“If I paid everybody in my business $30 [an hour] plus, then I might as well shut the doors, it’s not viable.
“Part of the aim of running a business and employing people is the ability to pay them and look after them long term. And I’m an employee as well. I work in the business and need to be able to pay it myself, otherwise why would you go through all the stress and the risk.
“We’re looking for senior bar staff and what they’re being paid and what they can demand is significantly higher than it was a couple of years ago, but we’re not getting responses even at higher rates. The people aren’t out there because we don’t have those skilled people in New Zealand, those jobs were filled by travellers and visa people.”
He said there were simply not enough Kiwis to fill the jobs.
“We have, for a number of years, relied on a combination of Kiwis and part time workers and students, but also, you know, being a seasonal business, we rely very heavily on people coming into the country to pick up a number of the jobs that we need filled. So, at the moment, we don’t have enough New Zealanders coming into the industry and we don’t have our regular travellers and we’re not renewing visa, so it’s a perfect storm.”
Ann-King said hospitality workers should know their worth.
“They have massive bargaining room at the moment. Supply and demand, right? So we’ve got a critical labour shortage if they’re being offered minimum wage … ask for $25, ask for $27, ask for $30.”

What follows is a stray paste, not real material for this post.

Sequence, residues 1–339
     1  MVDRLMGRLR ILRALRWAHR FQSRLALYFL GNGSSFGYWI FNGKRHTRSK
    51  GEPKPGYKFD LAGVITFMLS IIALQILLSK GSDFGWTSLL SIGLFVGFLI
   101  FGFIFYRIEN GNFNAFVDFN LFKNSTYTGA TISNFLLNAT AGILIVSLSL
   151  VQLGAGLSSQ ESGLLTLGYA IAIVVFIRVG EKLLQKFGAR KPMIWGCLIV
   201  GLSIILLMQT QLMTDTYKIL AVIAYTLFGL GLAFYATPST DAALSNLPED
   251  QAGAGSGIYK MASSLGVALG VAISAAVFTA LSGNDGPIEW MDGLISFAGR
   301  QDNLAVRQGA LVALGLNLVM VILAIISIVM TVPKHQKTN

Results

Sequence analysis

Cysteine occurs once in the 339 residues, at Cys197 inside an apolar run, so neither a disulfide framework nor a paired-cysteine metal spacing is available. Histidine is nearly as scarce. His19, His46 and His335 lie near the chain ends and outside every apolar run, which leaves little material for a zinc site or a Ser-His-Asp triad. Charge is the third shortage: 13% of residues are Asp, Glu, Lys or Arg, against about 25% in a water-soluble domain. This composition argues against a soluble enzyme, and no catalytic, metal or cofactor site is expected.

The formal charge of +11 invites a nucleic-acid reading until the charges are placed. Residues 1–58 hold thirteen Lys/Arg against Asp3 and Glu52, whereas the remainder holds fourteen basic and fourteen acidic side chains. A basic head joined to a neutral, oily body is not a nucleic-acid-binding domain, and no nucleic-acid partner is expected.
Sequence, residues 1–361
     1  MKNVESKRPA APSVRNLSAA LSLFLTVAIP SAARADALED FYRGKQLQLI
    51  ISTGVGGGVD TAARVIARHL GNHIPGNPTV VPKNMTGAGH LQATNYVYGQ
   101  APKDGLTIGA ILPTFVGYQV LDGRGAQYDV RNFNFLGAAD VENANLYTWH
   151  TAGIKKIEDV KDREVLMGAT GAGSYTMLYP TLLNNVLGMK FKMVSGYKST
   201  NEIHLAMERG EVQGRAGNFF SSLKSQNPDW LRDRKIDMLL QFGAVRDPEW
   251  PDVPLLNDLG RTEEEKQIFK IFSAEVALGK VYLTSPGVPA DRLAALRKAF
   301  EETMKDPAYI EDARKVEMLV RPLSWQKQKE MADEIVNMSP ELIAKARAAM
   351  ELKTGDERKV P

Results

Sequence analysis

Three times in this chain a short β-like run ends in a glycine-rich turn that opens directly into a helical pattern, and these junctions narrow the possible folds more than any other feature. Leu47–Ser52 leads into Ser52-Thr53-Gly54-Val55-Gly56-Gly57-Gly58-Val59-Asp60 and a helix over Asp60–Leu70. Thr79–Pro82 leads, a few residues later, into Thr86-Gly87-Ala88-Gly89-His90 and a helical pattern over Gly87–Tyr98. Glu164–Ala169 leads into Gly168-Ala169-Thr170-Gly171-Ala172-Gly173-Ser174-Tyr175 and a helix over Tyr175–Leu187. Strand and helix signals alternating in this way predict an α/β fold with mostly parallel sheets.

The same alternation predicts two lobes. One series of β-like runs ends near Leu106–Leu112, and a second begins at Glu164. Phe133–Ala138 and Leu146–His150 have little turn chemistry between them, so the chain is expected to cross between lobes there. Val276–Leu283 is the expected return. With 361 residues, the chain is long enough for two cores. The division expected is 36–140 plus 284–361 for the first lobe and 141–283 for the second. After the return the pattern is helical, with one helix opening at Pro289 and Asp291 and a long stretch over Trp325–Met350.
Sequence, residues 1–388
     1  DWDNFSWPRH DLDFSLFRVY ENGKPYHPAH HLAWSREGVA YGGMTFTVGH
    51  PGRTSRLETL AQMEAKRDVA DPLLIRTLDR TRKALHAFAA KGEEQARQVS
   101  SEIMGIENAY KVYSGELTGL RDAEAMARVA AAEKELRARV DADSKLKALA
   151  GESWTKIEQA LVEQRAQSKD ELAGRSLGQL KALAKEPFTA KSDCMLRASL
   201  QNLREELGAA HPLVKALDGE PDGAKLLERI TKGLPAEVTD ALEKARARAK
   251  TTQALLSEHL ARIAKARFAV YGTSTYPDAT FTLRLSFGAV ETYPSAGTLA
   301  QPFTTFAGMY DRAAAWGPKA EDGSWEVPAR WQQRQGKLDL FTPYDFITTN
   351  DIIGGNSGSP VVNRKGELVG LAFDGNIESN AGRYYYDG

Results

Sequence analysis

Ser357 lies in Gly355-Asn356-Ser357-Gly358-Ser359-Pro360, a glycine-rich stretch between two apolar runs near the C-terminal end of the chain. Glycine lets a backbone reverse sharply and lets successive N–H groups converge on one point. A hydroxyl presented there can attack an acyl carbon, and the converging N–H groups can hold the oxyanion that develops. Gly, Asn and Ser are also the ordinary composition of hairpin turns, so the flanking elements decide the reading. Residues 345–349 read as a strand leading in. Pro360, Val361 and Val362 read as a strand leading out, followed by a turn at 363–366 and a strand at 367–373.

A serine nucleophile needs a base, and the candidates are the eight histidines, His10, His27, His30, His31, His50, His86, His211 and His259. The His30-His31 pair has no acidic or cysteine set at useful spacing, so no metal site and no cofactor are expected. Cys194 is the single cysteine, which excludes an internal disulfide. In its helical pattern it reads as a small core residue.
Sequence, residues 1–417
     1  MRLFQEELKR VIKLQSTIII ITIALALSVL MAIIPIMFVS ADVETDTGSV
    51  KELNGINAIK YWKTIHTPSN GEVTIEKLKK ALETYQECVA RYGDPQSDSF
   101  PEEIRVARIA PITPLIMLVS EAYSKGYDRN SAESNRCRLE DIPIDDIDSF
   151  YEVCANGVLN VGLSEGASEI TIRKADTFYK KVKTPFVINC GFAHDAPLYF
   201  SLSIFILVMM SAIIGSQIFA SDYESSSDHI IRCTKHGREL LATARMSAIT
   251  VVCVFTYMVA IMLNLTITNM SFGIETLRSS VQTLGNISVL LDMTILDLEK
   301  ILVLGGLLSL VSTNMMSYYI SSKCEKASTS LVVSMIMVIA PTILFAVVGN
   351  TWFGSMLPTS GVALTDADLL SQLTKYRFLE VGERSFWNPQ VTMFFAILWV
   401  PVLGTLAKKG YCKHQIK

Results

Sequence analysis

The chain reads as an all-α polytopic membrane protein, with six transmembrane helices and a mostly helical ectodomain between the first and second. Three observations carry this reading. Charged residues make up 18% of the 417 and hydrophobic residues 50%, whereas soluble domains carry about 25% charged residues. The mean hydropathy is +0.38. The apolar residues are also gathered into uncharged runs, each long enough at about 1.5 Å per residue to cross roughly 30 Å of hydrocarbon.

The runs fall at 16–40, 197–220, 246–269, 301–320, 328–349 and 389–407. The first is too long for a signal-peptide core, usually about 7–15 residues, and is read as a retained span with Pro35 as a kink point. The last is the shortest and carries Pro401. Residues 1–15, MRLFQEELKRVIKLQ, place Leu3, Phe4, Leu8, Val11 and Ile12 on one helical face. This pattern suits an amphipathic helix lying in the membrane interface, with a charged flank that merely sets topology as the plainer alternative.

Trade Me figures recently released showed a 56 per cent increase in hospitality and tourism job listings this year compared to 2019.
Minister of Finance Grant Robertson told RNZ that paying the living wage would help businesses retain staff.
“We would certainly encourage people to offer wages that are around that living wage level that will be attractive to people.
“Clearly there may well still be shortages on top of that that’s where the immigration side of things but absolutely we want to see wages in the hospitality industry increase just as we do elsewhere,” he said.
Robertson said the government had extended thousands of working holiday visas that were due to expire between 21 June and the 31 December for a further six months.
“Obviously we’ve got limited spaces and we’re trying to fill critical skill gaps but we are making it easier for those who are already here to stay and we will continue to work around where the pay rates are in terms of those critical skill work categories and how hospitality can be a part of it.”
He said the government will consider a range of options if skill shortage issues remained after the six-month extension to working holiday visas.
“There are skill shortages all across the economy, that’s because the New Zealand economy recovered far better than had been expected, we’re managing our way through that while balancing that against the need to keep New Zealanders safe and the limited amount of MIQ space we have.
“We’re not just stopping where we are now, we’re looking closely at how we can support businesses right across the board and how the different visa arrangements support that. It’s a balancing act – it’s challenging but we will continue to work with the sector on that.”